- Associated Press - Sunday, February 23, 2014

KRASNAYA POLYANA, Russia (AP) - Steven Holcomb might as well be driving USA-62.

Seems like that’s his lucky number at the Olympics.

For the third time in four years and second in just a week, Holcomb snapped a 62-year drought inside the five rings. By finishing third in the four-man competition on Sunday and winning his second bronze medal of the Sochi Games, Holcomb became the first U.S. driver since Stanley Benham in 1952 - 62 years ago - to win two medals in the same games.

Holcomb won the first gold for the U.S. in four-man in since 1948 at the Vancouver Games four years ago, ending another 62-year barren run. Not long after having his second bronze placed around his neck, Holcomb was asked if he knew how long it had been since an American driver had snagged a pair of bobsled medals in the same games.

“Please say 62,” Holcomb said, flashing a smile. “It’s mind-blowing. It’s meant to be.”

So, it seems, was his third-place finish. Unable to catch Russia’s Alexander Zubkov, who became the first driver to win Olympic golds in two- and four-man for a host nation, Holcomb did just enough to hold off Russia-2 driver Alexander Kasjanov. It was the second time Holcomb had nipped Kasjanov on the Sanki Sliding Center track, both coming by 0.03 seconds.

“It was intense,” Holcomb said. “It came down to three-hundredths again, same guy. He hates me, I’m sure.”

Holcomb has become the face of American bobsledding. The chubby, everyman face.

Although he doesn’t look like he should be hanging out with his muscle-bound, All-American crew of Steve Langton, Curt Tomasevicz and Chris Fogt, elite athletes and the high-powered motor that propels USA-1, Holcomb is arguably the world’s best driver on ice. Zubkov may have gotten the best of him in Russia, but on a neutral surface, the safe money would go on Holcomb, who won the World Cup overall title in two-man and finished second in four-man.

He’s the one everyone aims to beat.

It’s been a remarkable run for Holcomb, who nearly lost his sight to a degenerative disease, overcame bouts of deep depression, climbed his way up the American bobsled program and had to prove to the world’s top pilots that he could find his way to the podium outside North Amercia.

With two more Olympic medals, he’s done that.

He came to these games hoping to win a gold to match the one he got in Whistler, and although he finished behind Zubkov and Oskars Melbardis in Latvia-1, Holcomb’s two bronze medals gleamed brightly.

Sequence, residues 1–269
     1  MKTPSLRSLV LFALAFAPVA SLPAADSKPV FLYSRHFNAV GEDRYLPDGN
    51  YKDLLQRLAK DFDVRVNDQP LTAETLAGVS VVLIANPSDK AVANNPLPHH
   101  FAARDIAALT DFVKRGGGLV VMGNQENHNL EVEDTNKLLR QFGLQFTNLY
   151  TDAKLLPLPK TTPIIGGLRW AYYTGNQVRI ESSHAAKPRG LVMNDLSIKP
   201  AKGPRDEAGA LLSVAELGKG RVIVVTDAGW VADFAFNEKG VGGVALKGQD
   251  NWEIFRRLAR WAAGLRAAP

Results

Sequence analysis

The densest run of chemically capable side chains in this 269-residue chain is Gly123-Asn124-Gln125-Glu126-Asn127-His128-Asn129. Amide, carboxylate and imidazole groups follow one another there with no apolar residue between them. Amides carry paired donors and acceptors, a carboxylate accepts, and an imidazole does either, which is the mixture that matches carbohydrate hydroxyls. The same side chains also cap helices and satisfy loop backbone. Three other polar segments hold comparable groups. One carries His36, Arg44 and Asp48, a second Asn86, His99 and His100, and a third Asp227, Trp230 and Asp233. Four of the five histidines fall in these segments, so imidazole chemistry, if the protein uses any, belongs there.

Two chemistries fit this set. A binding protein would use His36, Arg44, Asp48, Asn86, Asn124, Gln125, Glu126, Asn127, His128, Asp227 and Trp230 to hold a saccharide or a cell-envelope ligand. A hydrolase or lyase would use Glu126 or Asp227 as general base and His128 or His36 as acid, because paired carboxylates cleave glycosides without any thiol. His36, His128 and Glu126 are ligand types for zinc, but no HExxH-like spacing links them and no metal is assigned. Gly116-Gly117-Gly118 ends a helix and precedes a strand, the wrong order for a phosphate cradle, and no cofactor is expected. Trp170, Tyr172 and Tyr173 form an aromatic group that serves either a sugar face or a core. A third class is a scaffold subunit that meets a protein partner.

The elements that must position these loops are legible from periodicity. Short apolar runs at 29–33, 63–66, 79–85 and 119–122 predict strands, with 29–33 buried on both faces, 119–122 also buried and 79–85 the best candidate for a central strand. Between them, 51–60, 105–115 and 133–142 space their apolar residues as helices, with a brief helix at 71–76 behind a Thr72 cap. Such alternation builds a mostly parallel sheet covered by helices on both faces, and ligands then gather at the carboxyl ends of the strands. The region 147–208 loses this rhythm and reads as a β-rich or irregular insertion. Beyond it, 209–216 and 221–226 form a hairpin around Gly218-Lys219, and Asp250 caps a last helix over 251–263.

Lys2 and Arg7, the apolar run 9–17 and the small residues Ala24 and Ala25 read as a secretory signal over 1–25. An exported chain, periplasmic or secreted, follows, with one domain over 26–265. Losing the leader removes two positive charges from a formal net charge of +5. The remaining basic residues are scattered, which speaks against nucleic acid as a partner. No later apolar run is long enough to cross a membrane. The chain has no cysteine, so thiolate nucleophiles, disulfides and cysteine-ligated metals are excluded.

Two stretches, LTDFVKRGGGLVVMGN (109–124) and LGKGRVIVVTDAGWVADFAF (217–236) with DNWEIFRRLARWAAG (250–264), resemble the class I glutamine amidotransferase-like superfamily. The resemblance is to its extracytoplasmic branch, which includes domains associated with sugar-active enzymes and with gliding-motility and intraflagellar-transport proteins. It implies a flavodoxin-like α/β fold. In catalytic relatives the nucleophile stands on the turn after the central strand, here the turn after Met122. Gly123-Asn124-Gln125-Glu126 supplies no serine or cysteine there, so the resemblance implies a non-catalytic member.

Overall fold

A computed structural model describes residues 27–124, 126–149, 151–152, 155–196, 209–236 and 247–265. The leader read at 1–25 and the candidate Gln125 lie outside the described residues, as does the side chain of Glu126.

“We came here to win a medal and we did just that,” said Holcomb of Park City, Utah. “It was a tough race. It wasn’t easy. We kind of knew Zubkov was going to be fast and really hard to beat and the Latvians had a great day today and pulled away, but to come away with a bronze medal, we’re pretty happy with it. It was a tight race and we’re pretty satisfied.”

Holcomb entered the third heat in fourth place, but jumped ahead of Germany-1 with a 55.30-second run, putting him into position to medal.

But after Kasjanov posted the fastest fourth run (55.21 seconds), the pressure was on Holcomb. As he made his way down the 17-curve track, his lead over Kasjanov was eroding quickly and USA-2 sledmates Justin Olsen and Johnny Quinn of McKinney, Texas could barely look at the TV monitors in the media mixed zone area. But when Holcomb crossed the finish line, and his medal was assured, Quinn and Olsen hugged in celebration.

Olsen was a member of Holcomb’s four-man “Night Train” team that won it all in Vancouver, and he was elated for his former driver.

“I got on his team right when he found out he was going blind,” said Olsen of San Antonio. “It says a lot for him to be able to overcome all of that.”

At 33, Holcomb may only be getting started. He’s committed to bobsled, and after seeing the 39-year-old Zubkov win two golds, there’s no reason to stop sliding now. The American team is on the rise, and with corporate sponsors expected to jump on U.S. sleds after the luge, skeleton and bobsled teams walked away with seven medals from these games, Holcomb’s best days could be ahead.

But it was tough to top the one Holcomb and his teammates were enjoying in the sun-soaked Caucasus Mountains. Holcomb felt like a lucky man and he had the numbers to prove it.

“Luckily, it was three-hundredths again,” Holcomb said. “Three and 62. When I get to Vegas, 3 and 62.”

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